UK infrastructure is ‘behind the curve’
By Sandy Guthrie04 October 2016
A key element of major UK infrastructure projects in the future must be to ensure that innovation is fully understood and exploited, according to a longstanding joint venture between the UK’s Balfour Beatty and the French Vinci group.
However, the two groups said that all the evidence showed that this was not currently the case.
They said, “The UK infrastructure industry is behind the curve compared to other sectors in key areas – for example, it is among the least digitised.
“As projects get increasingly larger and more complicated, improving the way we work in areas such as this will become more and more important.”
In 2008, Balfour Beatty and Vinci Construction set up a strategic alliance to deliver major infrastructure projects in the UK. This week, it has released a paper called Innovation for the Future – Better Delivery of Mega Projects.
Balfour Beatty Vinci said it believed that the infrastructure industry had to modernise in order to secure its own future.
“We must be at the forefront of innovation to attract the multi-generational, skilled workforce we need,” the joint venture said.
They recommended a move towards a more collaborative approach, where all parties worked together to achieve the desired outcome. They said, “Innovation has to replace business as usual and become the new normal.”
The paper considered how certain areas might evolve in order to deliver this change, including enabling contractors to innovate; skills; technological innovation; and supply chain engagement.
They pointed out that the UK had a number of mega projects in the pipeline, from the new runway in the south east, to the Thames Tideway Tunnel, a nuclear power station at Hinkley Point, and new railways including HS (High Speed) 2 and Crossrail 2.
“Given the scale and importance of these mega projects to the UK, all the key players, including government, contractors and commissioners, need to play their part in ensuring that they are delivered as efficiently as possible,” said Balfour Beatty Vinci.
Among its recommendations were that all mega projects should follow the example of the first Crossrail – the largest construction project in Europe – of developing and implementing an innovation strategy.
It called for government to maintain funding in R&D (research and development) ensuring that it was accessible and operating within a long-term strategy to support innovation. The joint venture said that an overall framework should also be set which effectively managed the risk that came with these innovations, along with establishing a firm pipeline for infrastructure projects which built and maintained investor confidence.
The government should also consider establishing a mechanism to boost R&D in construction, the paper suggested, such as France’s R&D tax credit, in order to redress the decline in public funding of R&D in construction.
It also said that the UK should be brought into line with other advanced countries which had dedicated construction R&D funding streams.
Another recommendation was that contractors must be encouraged to suggest new ideas, implement them and share rewards even once contracts have been awarded and the supply chain established.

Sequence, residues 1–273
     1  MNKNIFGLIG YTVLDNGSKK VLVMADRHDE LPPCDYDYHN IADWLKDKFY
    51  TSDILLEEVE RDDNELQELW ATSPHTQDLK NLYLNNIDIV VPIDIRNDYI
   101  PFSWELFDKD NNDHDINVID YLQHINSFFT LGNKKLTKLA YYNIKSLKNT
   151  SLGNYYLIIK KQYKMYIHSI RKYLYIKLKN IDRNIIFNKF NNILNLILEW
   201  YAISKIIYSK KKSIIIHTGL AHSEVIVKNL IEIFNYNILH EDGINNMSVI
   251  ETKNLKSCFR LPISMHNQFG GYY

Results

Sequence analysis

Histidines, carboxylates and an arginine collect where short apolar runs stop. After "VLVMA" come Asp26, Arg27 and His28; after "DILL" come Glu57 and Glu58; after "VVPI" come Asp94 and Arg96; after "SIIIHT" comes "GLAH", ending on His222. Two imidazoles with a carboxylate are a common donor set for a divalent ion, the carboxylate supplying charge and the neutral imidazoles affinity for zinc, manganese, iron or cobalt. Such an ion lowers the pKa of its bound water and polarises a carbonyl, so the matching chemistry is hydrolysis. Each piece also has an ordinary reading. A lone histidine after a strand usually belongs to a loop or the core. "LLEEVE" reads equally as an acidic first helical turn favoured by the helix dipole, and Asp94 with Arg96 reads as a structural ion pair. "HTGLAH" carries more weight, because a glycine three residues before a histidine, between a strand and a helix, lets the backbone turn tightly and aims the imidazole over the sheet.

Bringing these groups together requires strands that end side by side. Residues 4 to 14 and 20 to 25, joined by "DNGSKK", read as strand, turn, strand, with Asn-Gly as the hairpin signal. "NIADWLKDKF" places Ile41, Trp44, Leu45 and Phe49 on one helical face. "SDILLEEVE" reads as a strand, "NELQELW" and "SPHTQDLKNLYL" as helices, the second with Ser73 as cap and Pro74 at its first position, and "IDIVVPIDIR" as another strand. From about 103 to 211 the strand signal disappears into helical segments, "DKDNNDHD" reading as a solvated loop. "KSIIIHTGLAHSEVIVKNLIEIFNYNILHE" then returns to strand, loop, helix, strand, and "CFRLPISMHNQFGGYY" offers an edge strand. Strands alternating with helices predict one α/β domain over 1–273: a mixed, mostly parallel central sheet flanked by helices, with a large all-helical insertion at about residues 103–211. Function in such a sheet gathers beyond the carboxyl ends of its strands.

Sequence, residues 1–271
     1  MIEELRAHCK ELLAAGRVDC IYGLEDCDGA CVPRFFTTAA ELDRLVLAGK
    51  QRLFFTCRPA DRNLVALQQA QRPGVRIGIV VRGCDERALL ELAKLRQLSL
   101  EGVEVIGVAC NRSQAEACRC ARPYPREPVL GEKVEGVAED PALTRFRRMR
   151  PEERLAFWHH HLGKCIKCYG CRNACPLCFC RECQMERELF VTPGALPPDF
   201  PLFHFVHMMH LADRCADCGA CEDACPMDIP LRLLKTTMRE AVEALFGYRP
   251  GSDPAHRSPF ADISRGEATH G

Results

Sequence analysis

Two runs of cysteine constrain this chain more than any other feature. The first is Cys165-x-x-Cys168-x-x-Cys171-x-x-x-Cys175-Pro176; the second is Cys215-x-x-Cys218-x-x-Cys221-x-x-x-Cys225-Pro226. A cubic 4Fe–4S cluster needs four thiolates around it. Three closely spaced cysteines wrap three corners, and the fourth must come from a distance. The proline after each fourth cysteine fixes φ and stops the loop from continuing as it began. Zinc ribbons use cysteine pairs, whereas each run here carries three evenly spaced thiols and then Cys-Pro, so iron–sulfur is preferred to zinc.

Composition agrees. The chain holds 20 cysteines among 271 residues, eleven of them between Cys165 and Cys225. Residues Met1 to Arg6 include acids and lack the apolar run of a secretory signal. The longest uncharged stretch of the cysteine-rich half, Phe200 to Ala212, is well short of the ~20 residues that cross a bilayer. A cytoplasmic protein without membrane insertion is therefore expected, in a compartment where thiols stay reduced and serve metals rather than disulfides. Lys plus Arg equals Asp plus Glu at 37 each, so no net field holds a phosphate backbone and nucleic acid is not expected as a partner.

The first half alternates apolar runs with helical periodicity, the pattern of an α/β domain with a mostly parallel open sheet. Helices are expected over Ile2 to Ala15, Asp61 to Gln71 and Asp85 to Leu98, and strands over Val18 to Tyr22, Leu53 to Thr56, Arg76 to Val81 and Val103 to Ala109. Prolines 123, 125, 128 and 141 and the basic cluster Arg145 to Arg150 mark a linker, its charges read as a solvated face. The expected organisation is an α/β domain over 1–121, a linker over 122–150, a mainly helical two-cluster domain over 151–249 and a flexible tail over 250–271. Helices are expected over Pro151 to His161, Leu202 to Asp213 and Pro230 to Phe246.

Contractors should be treated as partners in the delivery of mega projects, it said, adding that this was more likely to drive the delivery of high quality projects to time.
Contracts should, it said, therefore be based on a set of common interests with well-defined payment structures and a balanced mix of incentives and penalties, rather than a position where fixed-price contracts, risk transfer, lowest-cost tendering and adversarial relationships were the norm.
Outcomes-based specification in contracts as opposed to overly-detailed specification should be considered where it allows for greater innovation, and allows suppliers to adapt to unexpected challenges which emerge once contracts have been signed, the paper said.
It added that those commissioning mega projects should consider a longer, more detailed planning cycle before construction began, in order to save time and cost later in the process.
It said that the incentives, both regulated and non-regulated, that governed infrastructure networks, should be examined in order to address the fact that they often promoted low-risk behaviour and had an impact on procurement processes.
Barriers to developing and accepting innovative ideas must be challenged, it said, and regulators and other key players should be encouraged to facilitate innovation.
Finally, it said that companies which pioneered innovative new ways to drive efficiency while maintaining quality should be drawn out for praise.
Summarising, the joint venture said that innovation did exist in the infrastructure industry, but that industry often found it difficult to innovate as quickly as it could and should. It said the industry still built by pouring concrete and using other traditional materials and methods.
“Industry remains fractured,” said the paper, “with procurement processes failing to incentivise innovation, or research and design, in part due to slender profit margins.
“Furthermore, companies often view projects in isolation – a mind-set that works against the transfer of innovation from one scheme to another.”
It said it was in response to this challenge that Vinci introduced its bi-annual internal Innovation Awards to allow the sharing and dissemination of the best ideas across the company, and ensuring that innovation was embedded across the organisation.
“It is Balfour Beatty Vinci’s view that with billions of pounds being invested in infrastructure, a more strategic approach to managing innovation will release huge potential,” said the paper.